- Evesham Wood (Eola-Amity Hills, https://eveshamwood.com). This private tasting took place in their small tasting room, overlooking their vineyard. It was conducted by a staff member who was quite knowledgeable and able to answer all our questions. We booked their two hour tasting and tour, and I'm glad we did. This tasting was truly an education. We tasted through eight Evesham Wood and Haden Fig wines (Haden Fig is owned by the same winemaker as Evesham Wood), including two library selections. This was the only tasting during the weekend that poured each wine in a different stem, and it made all the difference. We were able to bounce back and forth between wines, comparing recent vintages of Evesham Wood to Haden Fig, and recent vintages to library selections. Being able to go back and forth like that really helped me taste the differences between labels, and the differences brought on by a little age. After the tasting we took a brief tour of their production facility and wine caves.
- Bethel Heights (Eola-Amity Hills, https://www.bethelheights.com). Bethel Heights was our last stop of the day, and it was a great way to relax after a day of tasting. The tasting took place in their modern tasting facility which has indoor seating as well as an outdoor patio that overlooks their vineyards. There were probably a dozen other groups seated at different tables, inside and out, as well as what looked like a bachelorette party. (Bethel Heights did a good job of placing the large party in a space of its own, away from other groups.) The tasting consisted of five recent vintages, and was led by a very knowledgeable staff member who was able to answer all our questions. She floated between groups, pouring and introducing each wine, and then moved on to let us enjoy the wine and the scenery.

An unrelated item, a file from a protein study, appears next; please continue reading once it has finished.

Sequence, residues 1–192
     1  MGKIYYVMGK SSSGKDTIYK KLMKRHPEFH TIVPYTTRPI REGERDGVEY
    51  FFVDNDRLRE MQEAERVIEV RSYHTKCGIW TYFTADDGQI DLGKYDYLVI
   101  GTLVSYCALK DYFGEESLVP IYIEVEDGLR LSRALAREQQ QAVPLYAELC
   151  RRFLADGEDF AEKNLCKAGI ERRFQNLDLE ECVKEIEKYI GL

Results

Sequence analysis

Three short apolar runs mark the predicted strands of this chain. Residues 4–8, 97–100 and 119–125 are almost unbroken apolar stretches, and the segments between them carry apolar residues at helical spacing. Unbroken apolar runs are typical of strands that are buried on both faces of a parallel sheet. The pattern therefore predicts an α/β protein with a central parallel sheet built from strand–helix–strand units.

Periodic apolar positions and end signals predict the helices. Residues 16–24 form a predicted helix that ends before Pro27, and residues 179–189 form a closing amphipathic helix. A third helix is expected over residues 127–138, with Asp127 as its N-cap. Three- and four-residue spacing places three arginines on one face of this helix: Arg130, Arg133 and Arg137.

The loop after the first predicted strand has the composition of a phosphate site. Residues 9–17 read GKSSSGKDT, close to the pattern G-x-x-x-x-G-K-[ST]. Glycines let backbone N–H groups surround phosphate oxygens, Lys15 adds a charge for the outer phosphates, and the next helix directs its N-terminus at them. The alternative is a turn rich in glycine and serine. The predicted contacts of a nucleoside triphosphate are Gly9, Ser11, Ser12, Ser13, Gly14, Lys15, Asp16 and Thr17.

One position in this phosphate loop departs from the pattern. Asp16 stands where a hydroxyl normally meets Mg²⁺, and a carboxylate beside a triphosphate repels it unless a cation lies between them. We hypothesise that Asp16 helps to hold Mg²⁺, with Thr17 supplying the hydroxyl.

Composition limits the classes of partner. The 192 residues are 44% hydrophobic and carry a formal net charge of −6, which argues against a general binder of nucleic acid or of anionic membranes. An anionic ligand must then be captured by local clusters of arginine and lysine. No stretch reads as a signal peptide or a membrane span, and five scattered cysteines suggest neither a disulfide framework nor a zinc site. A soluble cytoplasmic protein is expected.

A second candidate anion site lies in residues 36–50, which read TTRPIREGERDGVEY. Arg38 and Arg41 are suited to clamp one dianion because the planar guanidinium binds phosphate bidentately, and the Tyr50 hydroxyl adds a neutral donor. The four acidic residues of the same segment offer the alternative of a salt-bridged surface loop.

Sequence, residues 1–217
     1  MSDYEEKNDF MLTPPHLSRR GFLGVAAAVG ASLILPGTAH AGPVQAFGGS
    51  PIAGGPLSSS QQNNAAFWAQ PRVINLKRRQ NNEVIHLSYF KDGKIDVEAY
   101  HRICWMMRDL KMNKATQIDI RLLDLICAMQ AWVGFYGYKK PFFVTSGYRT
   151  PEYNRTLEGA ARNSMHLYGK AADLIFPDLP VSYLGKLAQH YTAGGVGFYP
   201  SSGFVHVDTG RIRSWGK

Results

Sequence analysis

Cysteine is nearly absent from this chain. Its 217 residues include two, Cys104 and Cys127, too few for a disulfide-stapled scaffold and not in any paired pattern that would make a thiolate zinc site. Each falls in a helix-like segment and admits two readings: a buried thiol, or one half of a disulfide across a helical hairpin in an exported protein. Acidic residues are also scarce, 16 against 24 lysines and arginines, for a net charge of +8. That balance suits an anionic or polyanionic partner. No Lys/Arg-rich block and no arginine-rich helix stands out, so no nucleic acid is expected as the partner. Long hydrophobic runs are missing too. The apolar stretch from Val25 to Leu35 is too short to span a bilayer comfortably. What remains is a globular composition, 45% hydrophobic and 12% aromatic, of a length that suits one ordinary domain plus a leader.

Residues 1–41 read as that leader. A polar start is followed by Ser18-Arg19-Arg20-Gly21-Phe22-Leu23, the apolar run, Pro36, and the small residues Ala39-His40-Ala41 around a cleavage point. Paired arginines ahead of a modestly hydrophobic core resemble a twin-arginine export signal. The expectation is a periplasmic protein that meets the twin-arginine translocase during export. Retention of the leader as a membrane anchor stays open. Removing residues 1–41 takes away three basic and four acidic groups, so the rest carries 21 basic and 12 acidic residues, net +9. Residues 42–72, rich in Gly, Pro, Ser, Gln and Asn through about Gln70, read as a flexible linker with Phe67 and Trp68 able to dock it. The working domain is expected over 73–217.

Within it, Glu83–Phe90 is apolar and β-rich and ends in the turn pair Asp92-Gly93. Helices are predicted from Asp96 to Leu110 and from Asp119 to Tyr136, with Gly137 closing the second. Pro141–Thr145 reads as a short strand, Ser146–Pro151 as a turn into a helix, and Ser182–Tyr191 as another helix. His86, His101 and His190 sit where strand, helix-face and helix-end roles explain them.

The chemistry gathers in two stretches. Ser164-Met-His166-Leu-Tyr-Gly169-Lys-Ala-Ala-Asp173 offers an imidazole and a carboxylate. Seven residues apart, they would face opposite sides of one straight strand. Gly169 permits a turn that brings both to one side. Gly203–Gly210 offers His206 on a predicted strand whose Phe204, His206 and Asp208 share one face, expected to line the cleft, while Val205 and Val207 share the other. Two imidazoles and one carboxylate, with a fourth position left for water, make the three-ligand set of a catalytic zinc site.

Day 2 – North of McMinnville
- Patricia Green Cellars (Ribbon Ridge, https://www.patriciagreencellars.com). The first stop of the day was Patricia Green Cellars, where we were greeted by Maggie, the dog of one of the PGC staff, who insisted on a belly rub. We were happy to oblige. Our tasting took place on the patio behind their tasting room, overlooking flower gardens and their vineyards. The patio was set for two other groups (at two other tables), but only one of the other groups showed up. The tasting was conducted by a staff member who was knowledgeable and able to answer our questions. He served six recent vintages in carafes on a tray, introduced each wine, and left to let us pour and taste at our own pace, checking in occasionally to see if we had any questions. I probably would have appreciated a little more guidance during the tasting, but I can certainly see how this format would be attractive to some. To his credit, our host was fun to talk to and even offered us an "off menu" wine once he learned our preferences. The wines were great, as you would expect from PGC.